President Barack Obama (Alex Wong/Getty Images)
President Barack Obama (Alex Wong/Getty Images)

In remarks this evening, President Barack Obama condemned the wanton violence by the Libyan government against protesters there and said that the U.S. "stands with the Libyan people."


The American people extend our deepest condolences to the families and loved ones of all who’ve been killed and injured. The suffering and bloodshed is outrageous and it is unacceptable. So are threats and orders to shoot peaceful protesters and further punish the people of Libya. These actions violate international norms and every standard of common decency. This violence must stop.

The United States also strongly supports the universal rights of the Libyan people. That includes the rights of peaceful assembly, free speech and the ability of the Libyan people to determine their own destiny. These are human rights. They are not negotiable. They must be respected in every country. And they cannot be denied through violence or suppression.


In a volatile situation like this one, it is imperative that the nations and peoples of the world speak with one voice, and that has been our focus. Yesterday a unanimous U.N. Security Council sent a clear message that it condemns the violence in Libya, supports accountability for the perpetrators, and stands with the Libyan people.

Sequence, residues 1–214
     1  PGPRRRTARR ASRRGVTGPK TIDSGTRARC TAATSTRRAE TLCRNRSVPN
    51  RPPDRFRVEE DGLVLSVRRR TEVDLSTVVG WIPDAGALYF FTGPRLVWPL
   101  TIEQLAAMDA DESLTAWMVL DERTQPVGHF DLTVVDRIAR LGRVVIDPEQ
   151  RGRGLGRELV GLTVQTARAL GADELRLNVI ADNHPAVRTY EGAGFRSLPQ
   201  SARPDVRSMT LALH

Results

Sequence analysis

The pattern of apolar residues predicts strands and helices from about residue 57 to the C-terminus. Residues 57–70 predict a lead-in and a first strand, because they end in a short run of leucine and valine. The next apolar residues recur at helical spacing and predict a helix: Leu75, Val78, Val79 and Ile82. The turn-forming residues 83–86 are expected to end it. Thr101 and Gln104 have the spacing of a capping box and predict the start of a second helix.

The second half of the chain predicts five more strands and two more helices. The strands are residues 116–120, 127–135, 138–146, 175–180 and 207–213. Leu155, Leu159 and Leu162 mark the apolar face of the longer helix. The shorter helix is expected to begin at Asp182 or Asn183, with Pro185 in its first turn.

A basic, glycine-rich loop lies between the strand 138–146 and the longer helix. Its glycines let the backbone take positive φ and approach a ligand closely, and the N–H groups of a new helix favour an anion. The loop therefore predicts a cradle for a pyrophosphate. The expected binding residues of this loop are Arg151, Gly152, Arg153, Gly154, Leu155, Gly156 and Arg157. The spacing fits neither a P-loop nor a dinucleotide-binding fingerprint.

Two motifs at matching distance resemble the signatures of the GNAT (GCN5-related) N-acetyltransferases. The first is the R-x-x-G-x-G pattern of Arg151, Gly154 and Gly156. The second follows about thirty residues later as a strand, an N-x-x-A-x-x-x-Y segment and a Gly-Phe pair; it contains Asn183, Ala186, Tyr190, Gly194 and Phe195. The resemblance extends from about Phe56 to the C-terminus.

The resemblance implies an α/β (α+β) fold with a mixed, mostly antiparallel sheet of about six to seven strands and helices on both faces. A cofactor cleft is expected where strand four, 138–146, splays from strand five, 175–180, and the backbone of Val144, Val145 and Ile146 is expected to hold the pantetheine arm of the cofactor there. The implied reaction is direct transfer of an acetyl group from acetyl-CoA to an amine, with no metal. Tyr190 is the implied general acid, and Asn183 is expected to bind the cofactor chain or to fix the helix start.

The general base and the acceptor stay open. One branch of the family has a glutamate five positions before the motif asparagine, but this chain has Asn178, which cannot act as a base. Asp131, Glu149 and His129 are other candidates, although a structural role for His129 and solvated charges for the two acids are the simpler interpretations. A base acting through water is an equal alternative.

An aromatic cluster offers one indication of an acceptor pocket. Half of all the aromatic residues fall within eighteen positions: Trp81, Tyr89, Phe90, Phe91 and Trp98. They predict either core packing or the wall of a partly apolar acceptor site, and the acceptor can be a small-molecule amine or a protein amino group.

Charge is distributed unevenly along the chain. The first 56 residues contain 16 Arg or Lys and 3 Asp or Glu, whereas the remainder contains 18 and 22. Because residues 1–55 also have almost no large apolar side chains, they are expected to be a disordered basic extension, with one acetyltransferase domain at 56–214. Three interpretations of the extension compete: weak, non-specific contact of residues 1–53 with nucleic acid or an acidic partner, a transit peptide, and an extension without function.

The president said that the U.S. was willing to take unspecified actions to send a message to the Libyan government and its people. He also used a term that made our ears prick up because it implies we're willing to engage in more than empty rhetoric: "accountability."

Like all governments, the Libyan government has a responsibility to refrain from violence, to allow humanitarian assistance to reach those in need, and to respect the rights of its people. It must be held accountable for its failure to meet those responsibilities, and face the cost of continued violations of human rights.

Hopefully, the recent spike in oil prices directly resulting from the unrest in Libya — yes, we do have some skin in this game — won't deter President Obama and his administration from making good on his promise that, "throughout this time of transition, the United States will continue to stand up for freedom, stand up for justice, and stand up for the dignity of all people."


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Sheryl Huggins Salomon is senior editor-at-large of The Root and a Brooklyn, N.Y.-based editorial consultant. Follow her on Twitter.

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